Payday loans are marketed as solutions to short-time financial crises, but lenders make most of their profits from repeat borrowers who are trapped in long-term cycles of debt. In Louisiana, these loans carry annual percentage interest rates averaging 400% and drain more than $145 million in fees from Louisiana families each year. The Legislature this year voted to expand predatory lending by allowing new, costlier loans into the marketplace. Fortunately, as an Advocate editorial explains, Gov. John Bel Edwards did the right thing by vetoing Senate Bill 381:
The (Sen. Rick) Ward bill would have capped finance charges at 100% of the original loan amount. Lenders could have charged up to $1,500 in fees on a $1,500 loan, for a total repayment of $3,000. … This would have been Christmas in June for the predatory lending industry. And if you’ve ever watched “It’s a Wonderful Life” during holidays, Ward was taking the side not of Jimmy Stewart but the avaricious Mr. Potter. We commend the governor for stepping in. Before they tackle the issue again, legislators should reflect on the damage that this kind of product can do to their constituents in working families.
Read statements from Davante Lewis, Director of Public Affairs and Outreach for the Louisiana Budget Project and Jared Pone, Policy Counsel for the Center for Responsible Lending (CRL) praising Gov. John Bel Edwards’ veto of Senate Bill 381.
Hurricanes are hardest on the poor
Louisianans can expect an active hurricane season in 2022, with cities like New Orleans still vulnerable to massive power outages, insurance companies fleeing the market and blue tarps still on many roofs from Hurricane Ida. As the LSU Reveille’s Claire Sullivan argues, Louisiana residents shouldn’t have to go it alone when storms hit:
Storm preparedness should include a willingness to aggressively address the financial needs of communities before and after hurricanes make landfall. It should mean taking climate change seriously, which means taking on the oil, gas and chemical corporations that cause it. It should mean providing people with economic autonomy by easing constraints of poverty that can make evacuation impossible and recovery equally difficult. It should mean that the federal government acts with as much urgency as possible to ensure that no resident goes without a roof over their head, clean water or adequate nutrition in a hurricane’s aftermath. As Louisiana residents brace themselves for the coming months, they should not do so alone.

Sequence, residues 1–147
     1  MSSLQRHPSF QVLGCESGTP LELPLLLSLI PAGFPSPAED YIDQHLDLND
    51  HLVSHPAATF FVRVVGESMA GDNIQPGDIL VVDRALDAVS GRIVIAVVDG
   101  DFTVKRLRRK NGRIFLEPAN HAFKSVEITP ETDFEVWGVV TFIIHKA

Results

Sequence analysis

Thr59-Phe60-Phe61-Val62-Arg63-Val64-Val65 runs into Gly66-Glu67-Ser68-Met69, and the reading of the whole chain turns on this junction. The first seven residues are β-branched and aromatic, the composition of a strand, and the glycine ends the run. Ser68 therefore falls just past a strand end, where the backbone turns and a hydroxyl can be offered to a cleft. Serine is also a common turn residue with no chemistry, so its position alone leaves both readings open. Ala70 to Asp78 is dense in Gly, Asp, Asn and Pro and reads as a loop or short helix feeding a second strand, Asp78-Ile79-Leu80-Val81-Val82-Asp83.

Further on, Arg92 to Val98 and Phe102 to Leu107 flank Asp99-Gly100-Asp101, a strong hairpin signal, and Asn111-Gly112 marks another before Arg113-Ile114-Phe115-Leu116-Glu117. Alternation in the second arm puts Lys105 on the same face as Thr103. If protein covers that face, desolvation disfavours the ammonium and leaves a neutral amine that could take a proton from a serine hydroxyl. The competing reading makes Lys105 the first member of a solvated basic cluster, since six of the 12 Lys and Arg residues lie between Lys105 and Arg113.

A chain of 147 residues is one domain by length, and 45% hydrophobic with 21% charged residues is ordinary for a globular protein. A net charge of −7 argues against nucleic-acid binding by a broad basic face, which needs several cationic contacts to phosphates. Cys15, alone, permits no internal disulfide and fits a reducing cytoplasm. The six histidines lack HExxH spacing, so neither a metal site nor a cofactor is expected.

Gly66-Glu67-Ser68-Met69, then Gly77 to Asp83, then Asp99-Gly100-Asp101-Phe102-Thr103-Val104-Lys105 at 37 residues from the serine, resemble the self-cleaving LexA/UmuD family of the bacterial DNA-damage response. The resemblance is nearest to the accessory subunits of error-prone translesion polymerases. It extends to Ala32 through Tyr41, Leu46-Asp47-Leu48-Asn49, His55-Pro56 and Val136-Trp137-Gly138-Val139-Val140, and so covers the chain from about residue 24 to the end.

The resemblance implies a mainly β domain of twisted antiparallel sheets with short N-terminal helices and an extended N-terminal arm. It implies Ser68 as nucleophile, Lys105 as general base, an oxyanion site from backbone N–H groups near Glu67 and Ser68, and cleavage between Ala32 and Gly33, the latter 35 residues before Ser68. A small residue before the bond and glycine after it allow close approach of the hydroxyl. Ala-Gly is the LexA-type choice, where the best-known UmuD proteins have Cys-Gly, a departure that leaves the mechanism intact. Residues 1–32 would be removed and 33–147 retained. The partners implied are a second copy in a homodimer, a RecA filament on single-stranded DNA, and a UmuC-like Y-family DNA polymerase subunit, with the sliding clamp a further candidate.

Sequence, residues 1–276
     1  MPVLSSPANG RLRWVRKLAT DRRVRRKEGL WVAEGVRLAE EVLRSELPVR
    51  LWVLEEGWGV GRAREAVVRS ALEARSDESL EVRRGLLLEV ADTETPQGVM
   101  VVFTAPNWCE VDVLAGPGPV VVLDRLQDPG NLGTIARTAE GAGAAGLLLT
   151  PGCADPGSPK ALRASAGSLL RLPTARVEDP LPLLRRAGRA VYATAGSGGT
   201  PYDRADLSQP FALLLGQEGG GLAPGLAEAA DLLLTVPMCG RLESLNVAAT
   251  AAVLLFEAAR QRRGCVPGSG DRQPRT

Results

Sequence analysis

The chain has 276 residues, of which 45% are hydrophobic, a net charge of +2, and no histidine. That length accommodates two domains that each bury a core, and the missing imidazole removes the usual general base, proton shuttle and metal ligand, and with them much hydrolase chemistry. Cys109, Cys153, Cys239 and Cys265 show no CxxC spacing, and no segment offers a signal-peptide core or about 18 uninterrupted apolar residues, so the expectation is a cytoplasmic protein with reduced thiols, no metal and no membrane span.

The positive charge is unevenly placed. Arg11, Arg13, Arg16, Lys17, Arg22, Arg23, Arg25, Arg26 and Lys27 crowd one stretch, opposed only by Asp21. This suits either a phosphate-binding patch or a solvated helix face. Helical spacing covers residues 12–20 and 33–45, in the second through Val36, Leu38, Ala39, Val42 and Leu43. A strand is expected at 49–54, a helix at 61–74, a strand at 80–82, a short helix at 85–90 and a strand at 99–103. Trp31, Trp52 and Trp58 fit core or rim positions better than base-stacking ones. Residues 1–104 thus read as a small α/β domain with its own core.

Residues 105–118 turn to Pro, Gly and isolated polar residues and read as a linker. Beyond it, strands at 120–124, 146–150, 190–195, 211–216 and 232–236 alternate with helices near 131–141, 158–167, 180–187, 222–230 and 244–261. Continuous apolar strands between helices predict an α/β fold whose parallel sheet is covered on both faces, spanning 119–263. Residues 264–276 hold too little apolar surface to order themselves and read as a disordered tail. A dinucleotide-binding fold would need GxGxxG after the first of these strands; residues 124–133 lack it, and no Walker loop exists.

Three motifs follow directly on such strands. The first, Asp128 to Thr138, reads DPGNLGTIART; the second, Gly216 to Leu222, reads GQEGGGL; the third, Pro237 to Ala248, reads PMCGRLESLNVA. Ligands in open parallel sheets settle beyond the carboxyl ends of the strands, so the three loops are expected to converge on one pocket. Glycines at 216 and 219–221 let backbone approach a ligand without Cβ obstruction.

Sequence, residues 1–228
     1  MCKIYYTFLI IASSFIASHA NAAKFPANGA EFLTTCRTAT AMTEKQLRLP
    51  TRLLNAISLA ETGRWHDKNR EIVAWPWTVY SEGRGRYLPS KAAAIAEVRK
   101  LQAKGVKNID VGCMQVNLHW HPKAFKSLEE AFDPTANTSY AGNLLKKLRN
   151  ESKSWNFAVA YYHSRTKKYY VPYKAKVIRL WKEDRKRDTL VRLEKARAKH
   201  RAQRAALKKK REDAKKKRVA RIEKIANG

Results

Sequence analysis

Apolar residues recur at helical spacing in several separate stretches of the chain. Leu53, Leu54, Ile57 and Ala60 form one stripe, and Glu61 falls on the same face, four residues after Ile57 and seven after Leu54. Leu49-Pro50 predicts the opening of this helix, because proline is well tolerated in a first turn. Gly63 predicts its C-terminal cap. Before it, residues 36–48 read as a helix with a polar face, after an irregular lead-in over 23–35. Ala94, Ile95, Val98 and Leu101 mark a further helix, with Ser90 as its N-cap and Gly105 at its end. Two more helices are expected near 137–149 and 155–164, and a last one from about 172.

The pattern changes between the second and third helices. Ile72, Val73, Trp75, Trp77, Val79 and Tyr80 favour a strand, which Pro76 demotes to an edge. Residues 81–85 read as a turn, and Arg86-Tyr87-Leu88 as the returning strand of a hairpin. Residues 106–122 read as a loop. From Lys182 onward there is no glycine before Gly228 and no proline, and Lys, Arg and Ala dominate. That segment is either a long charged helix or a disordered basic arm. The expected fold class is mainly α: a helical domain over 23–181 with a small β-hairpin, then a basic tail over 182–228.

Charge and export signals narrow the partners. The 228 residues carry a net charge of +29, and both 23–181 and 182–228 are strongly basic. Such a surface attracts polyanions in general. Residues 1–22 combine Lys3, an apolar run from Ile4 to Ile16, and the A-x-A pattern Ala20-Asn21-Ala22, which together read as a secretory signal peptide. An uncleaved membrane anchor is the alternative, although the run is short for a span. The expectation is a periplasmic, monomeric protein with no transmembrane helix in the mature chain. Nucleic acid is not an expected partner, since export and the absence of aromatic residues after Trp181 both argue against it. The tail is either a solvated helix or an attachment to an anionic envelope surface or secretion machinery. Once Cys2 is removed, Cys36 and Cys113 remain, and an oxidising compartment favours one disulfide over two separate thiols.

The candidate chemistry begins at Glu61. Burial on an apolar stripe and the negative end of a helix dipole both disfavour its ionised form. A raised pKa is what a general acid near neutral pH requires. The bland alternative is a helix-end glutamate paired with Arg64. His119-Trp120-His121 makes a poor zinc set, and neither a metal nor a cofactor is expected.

Congress cuts school meal funding as food prices rise
Millions of students will lose access to free and reduced-priced meals on June 30 unless Congress extends pandemic-related school meal flexibilities. The U.S. Department of Agriculture estimates that funding for school cafeterias will drop by more than 40% if key waivers aren’t renewed, even while supply chain disruptions have raised prices and made many ingredients scarce, and while school kitchens continue to face labor shortages. Advocates were caught off guard when the waivers were left out of a $1.5 trillion Congressional spending bill in March after objections from Republicans. As Vox’s Rachel M. Cohen reports, without new congressional action, students and schools will feel the consequences:
Decades of research have shown how child nutrition programs aid academic achievement, school attendance, and student health outcomes. But the consequences of not extending the waivers will not be limited to families penalized by paperwork. Schools will also have less money to meet rising food prices and will face steeper financial penalties for not meeting all federal nutrition requirements, a challenge amid widespread product shortages. Some schools may decide to cut back on food offerings and even stop providing meals altogether. Others may slash budgets for their classrooms.
Focus on third-grade reading
Legislation that would require most third graders who score at the lowest level of the state reading exam to repeat the grade advanced out of the Senate Finance Committee on Wednesday. House Bill 269 by Rep. Richard Nelson now heads to the full Senate for final passage with only days left in the legislative session. Based on Mississippi’s experience with a similar law, up to 4,500 Louisiana students may be held back in the first year if the proposal is implemented. The Advocate’s Will Sentell reports:
Some education leaders have raised concerns that the bill could lead to overcrowded third-grade classes because of a surge of students forced to repeat the grade. However, the state Department of Education would set the cut scores needed for students to move to the fourth grade, which would allow the state to control the number of children forced to repeat the third grade. The legislation was changed in the Senate Education Committee to ensure that students get three chances to meet the standard needed for promotion. Children would also get intensive intervention between tests. Those forced to repeat the third grade would also get a wide variety of assistance, including tutoring, extended school days and summer reading camp.
Number of the Day
116,000 – Number of child care jobs that have been lost nationwide since
February 2020. Child care centers are struggling to fill difficult, low-paying, jobs. (Source: Center for the Study of Child Care Employment at the University of California, Berkeley).